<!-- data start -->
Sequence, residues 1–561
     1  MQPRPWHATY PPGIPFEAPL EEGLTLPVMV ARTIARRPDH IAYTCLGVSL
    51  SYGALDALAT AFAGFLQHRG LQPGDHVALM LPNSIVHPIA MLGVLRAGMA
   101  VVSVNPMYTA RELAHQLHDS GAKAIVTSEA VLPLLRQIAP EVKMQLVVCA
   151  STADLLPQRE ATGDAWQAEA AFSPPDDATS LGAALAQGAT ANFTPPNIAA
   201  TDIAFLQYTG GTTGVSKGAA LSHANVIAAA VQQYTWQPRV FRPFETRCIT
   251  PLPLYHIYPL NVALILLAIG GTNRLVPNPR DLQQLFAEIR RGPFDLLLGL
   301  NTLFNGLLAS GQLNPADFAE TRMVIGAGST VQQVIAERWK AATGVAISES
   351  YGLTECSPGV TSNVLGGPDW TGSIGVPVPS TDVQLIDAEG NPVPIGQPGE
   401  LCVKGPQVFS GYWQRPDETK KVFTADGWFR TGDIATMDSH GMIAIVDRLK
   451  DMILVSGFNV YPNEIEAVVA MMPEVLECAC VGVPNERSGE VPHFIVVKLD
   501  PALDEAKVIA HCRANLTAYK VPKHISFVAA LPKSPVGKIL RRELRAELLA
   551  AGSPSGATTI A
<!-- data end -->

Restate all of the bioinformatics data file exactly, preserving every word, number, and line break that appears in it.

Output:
Sequence, residues 1–561
     1  MQPRPWHATY PPGIPFEAPL EEGLTLPVMV ARTIARRPDH IAYTCLGVSL
    51  SYGALDALAT AFAGFLQHRG LQPGDHVALM LPNSIVHPIA MLGVLRAGMA
   101  VVSVNPMYTA RELAHQLHDS GAKAIVTSEA VLPLLRQIAP EVKMQLVVCA
   151  STADLLPQRE ATGDAWQAEA AFSPPDDATS LGAALAQGAT ANFTPPNIAA
   201  TDIAFLQYTG GTTGVSKGAA LSHANVIAAA VQQYTWQPRV FRPFETRCIT
   251  PLPLYHIYPL NVALILLAIG GTNRLVPNPR DLQQLFAEIR RGPFDLLLGL
   301  NTLFNGLLAS GQLNPADFAE TRMVIGAGST VQQVIAERWK AATGVAISES
   351  YGLTECSPGV TSNVLGGPDW TGSIGVPVPS TDVQLIDAEG NPVPIGQPGE
   401  LCVKGPQVFS GYWQRPDETK KVFTADGWFR TGDIATMDSH GMIAIVDRLK
   451  DMILVSGFNV YPNEIEAVVA MMPEVLECAC VGVPNERSGE VPHFIVVKLD
   501  PALDEAKVIA HCRANLTAYK VPKHISFVAA LPKSPVGKIL RRELRAELLA
   551  AGSPSGATTI A